Arabs watching US on Saudi AWACS deal
| Nicosia, Cyprus
Saudi Arabia's vast deserts, vacant coasts, and farflung borders soon may be patrolled by the kingdom's own American-built early warning airplanes -- if the United States Congress approve the sale.
But that is a big if, as the Saudis and other moderate Arabs know.
The Israelis, arguing that the US AWACS (Airborne Warning and Control System) could be used to spy on them, promise a stiff challenge in Congress.
Even though Israel itself has an earlier version of the AWACS, plus access to sophisticated US avionics (and is seeking help from US spy satellites), the Menachem Begin government on April 22 warned that the sale of five AWACS, plus extended range equipment for F-15 fighters, to Saudi Arabia could "create a grave danger to the security of the state of Israel."
The moderate Arab view of the AWACS sale to Saudi Arabia is one of public disappointment at the unseemly wrangling in Washington -- but private patience with the familiar tentativeness of America's power-sharing government. And the Israeli opposition was expected.
Because of Washington's relationships with both Israel and its foes, Arabs have watched these arms sale disputes in the past, even if they have not been involved in them.
In 1977, for instance, Congress turned down an attempt by the Carter administration to sell the AWACS to Iran. And in 1978, only after months of difficult lobbying was President Carter able to win approval for the sale of F- 15 fighters to Saudi Arabia and the lifting of the arms embargo against Turkey.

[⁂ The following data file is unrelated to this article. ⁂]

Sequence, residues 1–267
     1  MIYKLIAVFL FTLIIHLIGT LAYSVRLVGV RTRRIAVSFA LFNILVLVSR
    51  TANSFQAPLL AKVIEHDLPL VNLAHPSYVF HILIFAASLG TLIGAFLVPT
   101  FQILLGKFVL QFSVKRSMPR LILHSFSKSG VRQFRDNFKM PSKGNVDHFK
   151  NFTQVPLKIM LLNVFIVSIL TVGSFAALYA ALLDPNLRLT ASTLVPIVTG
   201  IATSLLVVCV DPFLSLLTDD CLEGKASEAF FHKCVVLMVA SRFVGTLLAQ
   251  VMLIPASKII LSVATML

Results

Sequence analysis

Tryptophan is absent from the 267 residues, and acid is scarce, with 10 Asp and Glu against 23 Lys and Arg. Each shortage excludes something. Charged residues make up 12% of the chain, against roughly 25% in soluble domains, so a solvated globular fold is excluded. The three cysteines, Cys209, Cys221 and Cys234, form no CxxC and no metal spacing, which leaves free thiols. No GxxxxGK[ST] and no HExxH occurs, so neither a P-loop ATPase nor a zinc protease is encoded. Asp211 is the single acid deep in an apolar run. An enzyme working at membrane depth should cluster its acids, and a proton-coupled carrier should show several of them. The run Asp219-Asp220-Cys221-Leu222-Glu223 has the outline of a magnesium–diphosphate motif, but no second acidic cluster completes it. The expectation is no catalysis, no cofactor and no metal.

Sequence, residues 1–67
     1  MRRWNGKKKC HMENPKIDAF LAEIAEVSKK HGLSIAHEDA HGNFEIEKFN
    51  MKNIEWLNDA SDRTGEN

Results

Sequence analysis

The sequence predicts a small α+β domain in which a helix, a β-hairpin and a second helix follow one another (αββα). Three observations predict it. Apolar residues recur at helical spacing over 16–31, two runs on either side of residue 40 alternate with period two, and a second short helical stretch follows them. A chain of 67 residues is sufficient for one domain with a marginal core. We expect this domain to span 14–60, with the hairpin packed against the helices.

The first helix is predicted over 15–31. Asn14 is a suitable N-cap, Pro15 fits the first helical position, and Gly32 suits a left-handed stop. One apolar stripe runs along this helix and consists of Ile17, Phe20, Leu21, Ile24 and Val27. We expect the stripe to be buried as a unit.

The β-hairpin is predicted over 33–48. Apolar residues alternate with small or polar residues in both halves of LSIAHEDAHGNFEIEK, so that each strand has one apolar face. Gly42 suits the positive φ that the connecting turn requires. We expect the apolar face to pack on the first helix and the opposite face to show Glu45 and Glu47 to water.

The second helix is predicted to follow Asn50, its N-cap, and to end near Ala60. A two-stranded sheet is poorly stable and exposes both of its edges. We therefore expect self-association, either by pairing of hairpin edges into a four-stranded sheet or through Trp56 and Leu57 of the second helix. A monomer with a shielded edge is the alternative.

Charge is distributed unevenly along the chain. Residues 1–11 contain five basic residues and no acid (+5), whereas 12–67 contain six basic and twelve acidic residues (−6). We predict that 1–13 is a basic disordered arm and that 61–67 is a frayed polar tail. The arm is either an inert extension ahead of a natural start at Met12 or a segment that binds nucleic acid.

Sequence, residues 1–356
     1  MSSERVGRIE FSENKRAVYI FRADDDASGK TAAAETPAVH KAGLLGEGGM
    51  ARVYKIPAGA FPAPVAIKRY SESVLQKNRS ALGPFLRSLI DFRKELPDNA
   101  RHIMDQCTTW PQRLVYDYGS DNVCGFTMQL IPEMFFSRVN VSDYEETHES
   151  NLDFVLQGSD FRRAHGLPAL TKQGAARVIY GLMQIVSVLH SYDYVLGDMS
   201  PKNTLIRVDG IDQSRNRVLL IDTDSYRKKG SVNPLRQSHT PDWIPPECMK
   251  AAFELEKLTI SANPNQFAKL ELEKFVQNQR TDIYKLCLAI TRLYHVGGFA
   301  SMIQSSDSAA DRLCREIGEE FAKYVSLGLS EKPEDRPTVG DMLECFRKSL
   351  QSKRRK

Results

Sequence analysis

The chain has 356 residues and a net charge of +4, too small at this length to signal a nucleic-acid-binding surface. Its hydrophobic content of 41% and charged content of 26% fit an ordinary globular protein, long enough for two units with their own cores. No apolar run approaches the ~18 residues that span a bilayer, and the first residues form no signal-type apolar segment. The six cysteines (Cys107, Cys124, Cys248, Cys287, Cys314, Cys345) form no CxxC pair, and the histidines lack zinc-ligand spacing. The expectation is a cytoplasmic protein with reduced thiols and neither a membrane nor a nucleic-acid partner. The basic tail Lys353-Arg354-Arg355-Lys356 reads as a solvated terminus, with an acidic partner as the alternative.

These White House victories overcame powerful Israeli and Greek interest groups on Capitol Hill.
The Saudi deal, approved by the White House April 21, is seen by many Arabs as testing both the US commitment to Mideast nations other than Israel and the strength of the Reagan administration in its first open conflict with Israel. There is some speculation that Israel's continuing military pressure on southern Lebanon may be a way of showing the Reagan administration that Israel can keep the region hot if it wants to.
Among less moderate Arabs, such as a recently interviewed Palestine Liberation Organization official, the fact that the military sale is being buffeted by opposition in Washington shows that "after all these years, the Saudis still can't buy arms from America without having to grovel."
Bolstering the Saudis, however, would seem to fit in with US Mideast policy since 1969, when the "Nixon doctrine" called for promoting self-reliance in the region by arming local powers. The Shah of Iran was the favored "policeman of the Gulf" during the Nixon, Ford, and half of the Carter presidencies.
When the Shah fell and the hostages were seized in Iran, the "Carter doctrine" served warning that US forces might be called upon to protect the area.
But in practice the Carter doctrine -- which proposed a 25,000-man rapid deployment force to bolster confidence in the US ability to respond to a crisis -- has been hamstrung by logistical and political problems. For the past year, the Saudis have stepped up arms purchases and hammered together a Gulf security pact in order to ensure their own defense. The Saudis view the AWACS as part of their self-defense.
One of the reasons for strenuous objections to US bases in Saudi Arabia, Egypt, and the Gulf is that they could give Washington an excuse not to supply allies in the Mideast, since they would be under the US defense umbrella anyway. Moderate Arab leaders argue that they have a right to protect their own nations and say the US would not use a rapid deployment force, even if it had one, except in a major crisis.
Saudi opposition to the rapid deployment force was repeated this week following a visit by British Prime Minister Margaret Thatcher, who f avors the concept.